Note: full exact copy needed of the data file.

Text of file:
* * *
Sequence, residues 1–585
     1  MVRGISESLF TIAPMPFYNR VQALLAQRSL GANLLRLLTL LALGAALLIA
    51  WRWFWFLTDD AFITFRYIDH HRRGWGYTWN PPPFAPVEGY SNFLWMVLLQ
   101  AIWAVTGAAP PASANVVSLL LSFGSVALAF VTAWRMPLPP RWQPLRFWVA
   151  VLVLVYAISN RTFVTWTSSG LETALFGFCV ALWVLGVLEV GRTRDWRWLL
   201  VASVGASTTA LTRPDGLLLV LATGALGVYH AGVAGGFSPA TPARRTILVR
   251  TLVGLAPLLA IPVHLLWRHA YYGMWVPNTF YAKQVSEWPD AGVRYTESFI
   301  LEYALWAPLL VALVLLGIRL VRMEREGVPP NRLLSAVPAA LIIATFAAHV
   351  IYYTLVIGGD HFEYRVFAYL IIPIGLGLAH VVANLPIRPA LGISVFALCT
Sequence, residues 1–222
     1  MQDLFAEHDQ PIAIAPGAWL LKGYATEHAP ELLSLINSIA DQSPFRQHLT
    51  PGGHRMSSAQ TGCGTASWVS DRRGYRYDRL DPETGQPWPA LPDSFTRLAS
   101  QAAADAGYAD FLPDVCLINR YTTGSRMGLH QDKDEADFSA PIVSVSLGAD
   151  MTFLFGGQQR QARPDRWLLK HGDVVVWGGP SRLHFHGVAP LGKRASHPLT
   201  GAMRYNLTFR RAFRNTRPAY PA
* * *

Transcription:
Sequence, residues 1–585
     1  MVRGISESLF TIAPMPFYNR VQALLAQRSL GANLLRLLTL LALGAALLIA
    51  WRWFWFLTDD AFITFRYIDH HRRGWGYTWN PPPFAPVEGY SNFLWMVLLQ
   101  AIWAVTGAAP PASANVVSLL LSFGSVALAF VTAWRMPLPP RWQPLRFWVA
   151  VLVLVYAISN RTFVTWTSSG LETALFGFCV ALWVLGVLEV GRTRDWRWLL
   201  VASVGASTTA LTRPDGLLLV LATGALGVYH AGVAGGFSPA TPARRTILVR
   251  TLVGLAPLLA IPVHLLWRHA YYGMWVPNTF YAKQVSEWPD AGVRYTESFI
   301  LEYALWAPLL VALVLLGIRL VRMEREGVPP NRLLSAVPAA LIIATFAAHV
   351  IYYTLVIGGD HFEYRVFAYL IIPIGLGLAH VVANLPIRPA LGISVFALCT
Sequence, residues 1–222
     1  MQDLFAEHDQ PIAIAPGAWL LKGYATEHAP ELLSLINSIA DQSPFRQHLT
    51  PGGHRMSSAQ TGCGTASWVS DRRGYRYDRL DPETGQPWPA LPDSFTRLAS
   101  QAAADAGYAD FLPDVCLINR YTTGSRMGLH QDKDEADFSA PIVSVSLGAD
   151  MTFLFGGQQR QARPDRWLLK HGDVVVWGGP SRLHFHGVAP LGKRASHPLT
   201  GAMRYNLTFR RAFRNTRPAY PA